Trump Should Remember Lincoln When Thinking About Immigration

Michael Lucchese

Right-wing media exploded earlier this month when President Trump appeared to have made a deal with congressional Democrats to enshrine the legal status of certain classes of undocumented aliens living in the United States.

Iowa representative Steve King tweeted that the President’s “base is blown up, destroyed, irreparable, and disillusioned beyond repair.” Many on the right are furiously arguing this is the worst moment of the Trump administration thus far.

On the contrary, if this deal truly explodes the President’s base, this could be one of the most shining moments of these early months of the Trump Presidency.

As a people, Americans should be open to immigration. The founders of our regime explicitly dedicated it to prove the proposition that all men are created equal. The race-baiting and fear-mongering of the demagogic “New Right” or fascistic alt-right undermines that dedication.

In an 1858 speech in Chicago, Abraham Lincoln argued a similar point. He believed America is great precisely because we’re so different from the sovereign peoples of Europe. Unlike them, he argued, we are devoted to a principle which is true at all times and in all places.

When [immigrants] look through that old Declaration of Independence they find that those old men say that ‘We hold these truths to be self-evident, that all men are created equal,’ and then they feel that that moral sentiment,” Lincoln said, “they have a right to claim it as though they were blood of the blood, and flesh of the flesh of the men who wrote that Declaration, and so they are.

Lincoln’s words weren’t just campaign slogan to get elected–you know, like repeal and replace…I forget the rest.  In that speech, he expressed a principle which animated his statesmanship in even the most uncertain hours. When the going got tough, Lincoln stayed true to those ideals.

Take, for instance, Lincoln’s efforts against nativism. In the 1850s, the future of antislavery politics remained uncertain. The Republican Party was founded in 1854, but it by no means secured dominance in the North. Many Whigs were fleeing their collapsing party for the nativist Know-Nothing Party, which was dedicated in part to limiting immigration.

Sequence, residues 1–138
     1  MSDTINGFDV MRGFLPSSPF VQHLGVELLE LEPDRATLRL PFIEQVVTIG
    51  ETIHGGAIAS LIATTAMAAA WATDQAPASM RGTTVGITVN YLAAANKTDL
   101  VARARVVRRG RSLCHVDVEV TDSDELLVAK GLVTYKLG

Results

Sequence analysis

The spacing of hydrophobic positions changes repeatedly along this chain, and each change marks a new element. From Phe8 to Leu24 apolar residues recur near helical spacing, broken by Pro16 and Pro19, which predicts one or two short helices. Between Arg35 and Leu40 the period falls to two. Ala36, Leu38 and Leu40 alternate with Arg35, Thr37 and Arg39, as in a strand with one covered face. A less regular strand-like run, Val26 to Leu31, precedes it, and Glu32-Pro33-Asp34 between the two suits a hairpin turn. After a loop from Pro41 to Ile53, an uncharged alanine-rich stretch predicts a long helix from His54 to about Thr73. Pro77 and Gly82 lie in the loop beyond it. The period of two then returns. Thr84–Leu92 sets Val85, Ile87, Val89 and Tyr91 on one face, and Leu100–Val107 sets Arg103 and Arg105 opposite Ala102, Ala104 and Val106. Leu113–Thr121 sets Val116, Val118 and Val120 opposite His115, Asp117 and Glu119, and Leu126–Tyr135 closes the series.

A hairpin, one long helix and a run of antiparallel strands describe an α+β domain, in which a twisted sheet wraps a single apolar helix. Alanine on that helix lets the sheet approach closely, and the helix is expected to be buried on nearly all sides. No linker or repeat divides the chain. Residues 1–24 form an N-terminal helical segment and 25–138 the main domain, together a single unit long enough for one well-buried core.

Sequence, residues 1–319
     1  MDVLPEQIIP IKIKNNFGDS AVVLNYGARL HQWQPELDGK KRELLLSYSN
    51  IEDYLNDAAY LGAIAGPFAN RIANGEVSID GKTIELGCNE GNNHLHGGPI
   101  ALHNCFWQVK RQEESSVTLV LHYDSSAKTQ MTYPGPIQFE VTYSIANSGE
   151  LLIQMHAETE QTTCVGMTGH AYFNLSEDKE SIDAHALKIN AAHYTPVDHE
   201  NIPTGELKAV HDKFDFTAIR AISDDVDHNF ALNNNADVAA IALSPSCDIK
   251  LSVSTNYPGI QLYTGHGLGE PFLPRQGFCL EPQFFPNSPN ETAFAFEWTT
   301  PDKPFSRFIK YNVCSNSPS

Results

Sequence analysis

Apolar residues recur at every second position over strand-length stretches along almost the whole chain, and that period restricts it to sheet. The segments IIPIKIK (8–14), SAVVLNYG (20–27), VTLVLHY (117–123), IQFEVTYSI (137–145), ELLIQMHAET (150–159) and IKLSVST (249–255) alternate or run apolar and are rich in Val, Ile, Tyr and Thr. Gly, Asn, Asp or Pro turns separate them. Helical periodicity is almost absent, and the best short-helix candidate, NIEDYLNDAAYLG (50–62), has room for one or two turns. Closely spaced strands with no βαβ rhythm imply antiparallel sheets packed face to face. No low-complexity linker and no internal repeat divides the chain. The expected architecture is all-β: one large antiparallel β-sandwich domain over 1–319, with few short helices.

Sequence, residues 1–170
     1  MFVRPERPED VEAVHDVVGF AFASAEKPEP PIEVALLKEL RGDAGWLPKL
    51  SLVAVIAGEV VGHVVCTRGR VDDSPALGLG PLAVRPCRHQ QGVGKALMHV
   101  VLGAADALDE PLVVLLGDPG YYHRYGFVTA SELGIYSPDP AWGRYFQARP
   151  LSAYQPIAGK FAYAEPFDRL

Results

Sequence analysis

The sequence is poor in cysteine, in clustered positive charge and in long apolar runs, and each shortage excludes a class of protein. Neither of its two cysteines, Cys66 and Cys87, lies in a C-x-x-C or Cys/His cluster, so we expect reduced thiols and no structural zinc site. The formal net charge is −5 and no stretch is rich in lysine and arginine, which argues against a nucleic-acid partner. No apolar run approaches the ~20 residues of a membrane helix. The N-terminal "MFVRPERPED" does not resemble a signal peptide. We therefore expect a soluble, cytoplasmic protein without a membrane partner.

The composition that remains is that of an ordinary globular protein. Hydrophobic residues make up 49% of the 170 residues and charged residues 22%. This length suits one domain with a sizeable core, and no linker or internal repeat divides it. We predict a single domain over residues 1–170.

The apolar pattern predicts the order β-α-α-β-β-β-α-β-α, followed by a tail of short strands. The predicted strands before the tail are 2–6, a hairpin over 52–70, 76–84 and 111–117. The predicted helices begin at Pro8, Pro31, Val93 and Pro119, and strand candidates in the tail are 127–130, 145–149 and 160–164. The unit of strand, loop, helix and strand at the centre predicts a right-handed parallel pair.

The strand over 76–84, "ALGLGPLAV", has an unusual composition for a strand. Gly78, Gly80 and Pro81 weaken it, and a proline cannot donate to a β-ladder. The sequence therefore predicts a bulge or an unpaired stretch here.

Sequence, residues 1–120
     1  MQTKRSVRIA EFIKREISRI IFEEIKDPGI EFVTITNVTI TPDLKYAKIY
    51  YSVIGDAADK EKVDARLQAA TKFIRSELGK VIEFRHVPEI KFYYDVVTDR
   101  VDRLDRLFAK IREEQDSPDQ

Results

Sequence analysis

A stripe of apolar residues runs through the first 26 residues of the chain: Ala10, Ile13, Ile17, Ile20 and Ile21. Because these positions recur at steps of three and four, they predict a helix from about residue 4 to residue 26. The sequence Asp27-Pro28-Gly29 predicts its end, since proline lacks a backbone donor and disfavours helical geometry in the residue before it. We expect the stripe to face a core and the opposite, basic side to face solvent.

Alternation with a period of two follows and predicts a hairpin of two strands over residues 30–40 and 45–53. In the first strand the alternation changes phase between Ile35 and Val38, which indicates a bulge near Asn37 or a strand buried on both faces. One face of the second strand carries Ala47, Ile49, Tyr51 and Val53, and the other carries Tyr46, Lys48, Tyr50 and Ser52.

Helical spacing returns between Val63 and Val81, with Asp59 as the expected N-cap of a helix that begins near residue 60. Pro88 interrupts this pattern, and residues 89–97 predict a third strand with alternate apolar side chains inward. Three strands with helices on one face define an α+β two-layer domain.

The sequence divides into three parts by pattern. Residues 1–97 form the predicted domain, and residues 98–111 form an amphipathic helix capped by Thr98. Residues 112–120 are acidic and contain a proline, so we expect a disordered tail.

Lincoln worked intensely behind the scenes to prevent the rise of the Know-Nothings. Even in the face of the culture wars over slavery, he knew that surrendering ground to nativists would undermine the tradition of liberty which took root in this country.

“As a nation, we began by declaring that ‘all men are created equal,’” Lincoln wrote in a letter to a close friend. “We now practically read it ‘all men are created equal, except negroes.’ When the Know-Nothings get control, it will read ‘all men are created equal, except negroes, and foreigners, and Catholics.’ When it comes to this I should prefer emigrating to some country where they make no pretence of loving liberty.”

A sovereign people possesses the right to regulate its country’s borders. Many well-meaning political figures and ordinary citizens make legitimate arguments for prudentially limiting immigration. However, that does not mean an “America First” immigration policy is one which closes our borders or isolates us from the wider world. Quite the opposite, in fact.

If Lincoln or the Founders were alive to witness the immigration debate that’s been so central to political life over the last two years, they would be shocked. Anti-immigration agitation is an affront to their entire project, and an informed citizenry ought to avoid such smears to their character.

The details of the President’s deal with the Democrats remain forthcoming. However, it appears that fortune handed him an opportunity to act like a statesman. Like Lincoln did in the 1850s, the President ought to cast the far right’s malicious influence aside and reach across the aisle for the common good. Twitter trolls and Reddit memers may not be very happy with it, but their voices do not speak for the whole American people or what our country stands for.

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